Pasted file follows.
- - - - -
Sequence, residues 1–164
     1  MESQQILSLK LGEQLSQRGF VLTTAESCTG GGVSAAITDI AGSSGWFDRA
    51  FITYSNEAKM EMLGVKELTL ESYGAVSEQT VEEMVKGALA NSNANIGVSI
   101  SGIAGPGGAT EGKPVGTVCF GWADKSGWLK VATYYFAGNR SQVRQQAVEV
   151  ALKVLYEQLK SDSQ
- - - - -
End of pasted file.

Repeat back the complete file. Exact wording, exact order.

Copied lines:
Sequence, residues 1–164
     1  MESQQILSLK LGEQLSQRGF VLTTAESCTG GGVSAAITDI AGSSGWFDRA
    51  FITYSNEAKM EMLGVKELTL ESYGAVSEQT VEEMVKGALA NSNANIGVSI
   101  SGIAGPGGAT EGKPVGTVCF GWADKSGWLK VATYYFAGNR SQVRQQAVEV
   151  ALKVLYEQLK SDSQ